Since the mass of the neck is small compared to the body, it vibrates very easily. The acoustic vibrations efficiently travel into the strings through the frets.

There is another good reason for mounting the transducer on the headstock: The headstock is the furthest location on the instrument from the pickups. The transducer is basically an electromagnetic device, like a loudspeaker. Putting it on the headstock keeps the intense magnetic field that is radiated by the transducer from being sensed by the pickups. This prevents strange sounds and uncontrollable squeals from being sensed by the instrument pickups. You can turn the gain way up, resulting in robust sustain. Put the transducer too close to the pickups, and an uncontrolled oscillation (squeal) occurs as you turn the gain up, before you get enough gain to make the system sustain properly.

The new clamp is easily mounted to a typical headstock by adjusting the thumbscrew for firm pressure. A silicone rubber pad holds the transducer firmly to the headstock with only moderate clamping pressure, and is chemically inert to protect the guitar finish.

The transducer plugs into one of the six jacks on the Sustainiamp floorbox. Your guitar cable plugs into a second jack on the floorbox, and your amplifier into a third jack. For playing onstage, the transducer cable (13ft. standard length) can be attached to the guitar cable to keep it out of the way. The 13-ft. length is optimal when using with a standard 10 ft. guitar cord. Optionally, you can order the transducer with a 18 ft. cord at extra cost, which mates with a standard 15 ft. guitar cord. Or, use the optional cord-routing system described above.

Sustain of notes with an acoustic sustainer tends to be much like that of natural feedback that you get from a loud amplifier: Most notes change into cool-sounding harmonics within a short time after the note is played. Some notes will remain as fundamental vibration. Then, you can force the note to go into a harmonic by stepping on the appropriate footpedal. The best part is that you donít have to play at a loud volume to get screaming feedback sustain! The sensation of playing with the Sustainiac Model C sustainer is very intense and exciting. Musicians often say that it feels like the instrument is actually alive in their hands. This sensation is like playing very, very loudly, yet the instrument amplifier volume can be turned all the way down to zero.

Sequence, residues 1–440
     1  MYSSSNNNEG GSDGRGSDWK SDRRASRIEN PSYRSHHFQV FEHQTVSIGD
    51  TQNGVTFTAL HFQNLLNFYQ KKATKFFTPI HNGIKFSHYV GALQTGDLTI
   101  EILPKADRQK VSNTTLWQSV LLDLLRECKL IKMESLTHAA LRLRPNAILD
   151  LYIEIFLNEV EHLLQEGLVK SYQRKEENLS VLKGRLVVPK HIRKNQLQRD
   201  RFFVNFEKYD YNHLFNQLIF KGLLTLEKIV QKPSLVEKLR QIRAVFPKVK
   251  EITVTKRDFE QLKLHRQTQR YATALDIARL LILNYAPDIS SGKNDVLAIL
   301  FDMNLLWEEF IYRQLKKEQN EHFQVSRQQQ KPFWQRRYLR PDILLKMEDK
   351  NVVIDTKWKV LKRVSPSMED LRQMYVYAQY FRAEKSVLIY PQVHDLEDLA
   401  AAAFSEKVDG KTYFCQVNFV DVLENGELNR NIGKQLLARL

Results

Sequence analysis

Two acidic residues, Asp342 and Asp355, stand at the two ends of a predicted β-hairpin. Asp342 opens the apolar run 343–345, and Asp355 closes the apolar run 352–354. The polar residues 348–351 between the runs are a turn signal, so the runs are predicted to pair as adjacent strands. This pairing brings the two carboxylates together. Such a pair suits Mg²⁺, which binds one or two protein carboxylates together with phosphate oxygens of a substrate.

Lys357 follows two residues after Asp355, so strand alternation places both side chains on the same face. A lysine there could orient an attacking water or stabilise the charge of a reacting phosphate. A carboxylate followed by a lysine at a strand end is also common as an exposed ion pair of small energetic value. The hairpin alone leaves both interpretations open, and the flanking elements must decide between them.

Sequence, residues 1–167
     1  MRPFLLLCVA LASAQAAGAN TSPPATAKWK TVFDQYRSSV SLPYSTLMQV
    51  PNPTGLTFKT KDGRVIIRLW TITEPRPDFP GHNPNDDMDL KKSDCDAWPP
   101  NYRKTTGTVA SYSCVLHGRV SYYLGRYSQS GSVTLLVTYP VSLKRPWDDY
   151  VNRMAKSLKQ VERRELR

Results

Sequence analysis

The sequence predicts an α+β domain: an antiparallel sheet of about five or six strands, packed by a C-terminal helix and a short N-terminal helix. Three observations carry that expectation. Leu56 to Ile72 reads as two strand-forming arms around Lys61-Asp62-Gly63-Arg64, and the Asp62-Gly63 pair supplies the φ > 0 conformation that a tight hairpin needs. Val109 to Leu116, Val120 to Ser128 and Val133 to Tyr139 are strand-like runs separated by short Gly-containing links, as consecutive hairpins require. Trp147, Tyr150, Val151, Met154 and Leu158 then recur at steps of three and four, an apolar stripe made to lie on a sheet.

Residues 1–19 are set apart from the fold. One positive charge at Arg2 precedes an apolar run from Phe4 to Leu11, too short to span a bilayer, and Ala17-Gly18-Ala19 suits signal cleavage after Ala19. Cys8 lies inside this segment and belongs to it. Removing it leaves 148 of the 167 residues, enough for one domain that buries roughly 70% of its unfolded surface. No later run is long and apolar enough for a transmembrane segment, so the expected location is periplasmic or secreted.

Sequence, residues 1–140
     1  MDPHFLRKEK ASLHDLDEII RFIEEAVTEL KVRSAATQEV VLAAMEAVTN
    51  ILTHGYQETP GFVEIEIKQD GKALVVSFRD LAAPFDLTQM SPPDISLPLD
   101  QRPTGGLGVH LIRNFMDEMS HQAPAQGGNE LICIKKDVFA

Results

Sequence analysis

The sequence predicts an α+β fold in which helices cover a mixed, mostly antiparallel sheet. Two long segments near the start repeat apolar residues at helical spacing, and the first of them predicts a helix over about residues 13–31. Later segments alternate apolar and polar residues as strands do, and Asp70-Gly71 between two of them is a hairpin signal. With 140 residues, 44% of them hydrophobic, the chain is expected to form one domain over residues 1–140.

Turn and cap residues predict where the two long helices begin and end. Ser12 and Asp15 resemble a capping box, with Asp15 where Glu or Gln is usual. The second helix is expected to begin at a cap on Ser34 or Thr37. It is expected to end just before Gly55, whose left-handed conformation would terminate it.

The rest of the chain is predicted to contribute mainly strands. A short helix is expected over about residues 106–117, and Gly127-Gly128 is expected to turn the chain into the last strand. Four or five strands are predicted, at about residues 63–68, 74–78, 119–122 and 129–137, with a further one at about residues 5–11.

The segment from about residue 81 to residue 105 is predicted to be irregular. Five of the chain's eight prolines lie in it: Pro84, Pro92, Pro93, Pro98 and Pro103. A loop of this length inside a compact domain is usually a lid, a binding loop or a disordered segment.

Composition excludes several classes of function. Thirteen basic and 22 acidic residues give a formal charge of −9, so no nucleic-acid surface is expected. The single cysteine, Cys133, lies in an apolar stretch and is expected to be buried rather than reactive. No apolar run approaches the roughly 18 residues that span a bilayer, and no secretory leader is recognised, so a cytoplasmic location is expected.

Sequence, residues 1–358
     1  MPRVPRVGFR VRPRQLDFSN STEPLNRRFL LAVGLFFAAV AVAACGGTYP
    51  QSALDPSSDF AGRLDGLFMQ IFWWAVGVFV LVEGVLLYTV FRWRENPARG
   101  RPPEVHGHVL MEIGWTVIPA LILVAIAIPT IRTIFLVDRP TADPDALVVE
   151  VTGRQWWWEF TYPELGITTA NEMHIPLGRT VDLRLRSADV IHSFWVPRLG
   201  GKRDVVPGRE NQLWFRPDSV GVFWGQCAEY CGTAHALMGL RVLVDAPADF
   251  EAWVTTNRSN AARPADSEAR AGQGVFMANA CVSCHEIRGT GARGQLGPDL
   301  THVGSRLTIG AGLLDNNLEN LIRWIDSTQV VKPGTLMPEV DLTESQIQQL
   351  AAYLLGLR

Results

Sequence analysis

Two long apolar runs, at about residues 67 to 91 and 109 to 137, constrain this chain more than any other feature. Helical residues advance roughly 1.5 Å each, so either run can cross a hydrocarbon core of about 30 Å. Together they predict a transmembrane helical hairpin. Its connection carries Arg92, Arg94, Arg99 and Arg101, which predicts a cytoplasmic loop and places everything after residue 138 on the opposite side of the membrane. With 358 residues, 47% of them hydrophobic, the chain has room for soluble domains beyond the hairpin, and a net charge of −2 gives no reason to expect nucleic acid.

Optional transducer mounting details
Over the years, we (and others) have experimented with optional ways to mount the Model C transducer. You can actually mount the transducer to the body using the strap button. You have to remove the thumbscrew and the nylon acorn nut that is attached to it. You also have to remove the moveable clamp piece by removing its retatining screw. The screw is held in place by a thread-lock glue, so it is kind of hard to break the glue bond. Doing this places the transducer much closer to the pickups (particularly the bridge pickup). Uncontrolled squeal (oscillation) occurs until you reduce the GAIN and/or DRIVE control settings. On guitars having small bodies, this distance is reduced and less gain can be used. Still, if you hate having the wire hanging from the headstock, this might be worth trying. The transducer must be centered on the pickups. You will notice that if you rotate the transducer, there will be a "sweet spot" where magnetic radiation to the pickups is minimum and consequently the squealing is minimized. It does work, though not as good as when you mount the transducer to the headstock. Another reason for this is that the body has more mass to vibrate than the headstock.

Guitars with piezo and other bridge types
We have also had some success on acoustic guitars having piezo and other bridge types. With piezos, you should have a built-in preamp to boost the piezo signal, and also to lower its output impedance. One particularly good transducer for this is the Schertler Bluestick undersaddle transducer. The Bluestick is designed to be an acoustic guitar pickup. This is actually a small condenser microphone that is contained inside a small under-saddle tube. With the Bluestick, you can actually mount the transducer directly on the bridge, because it doesn't respond at all to the magnetic field that radiates from the Model C transducer. What is interesting is that you get good fundamentals with this, because there is no time delay between the transducer output and the string ends. We have not done any long break-in experiments with the Bluestick, to determine whether or not this will damage the transducer. If you are brave and have cash to experiment, this might make a lot of acoustic players happy.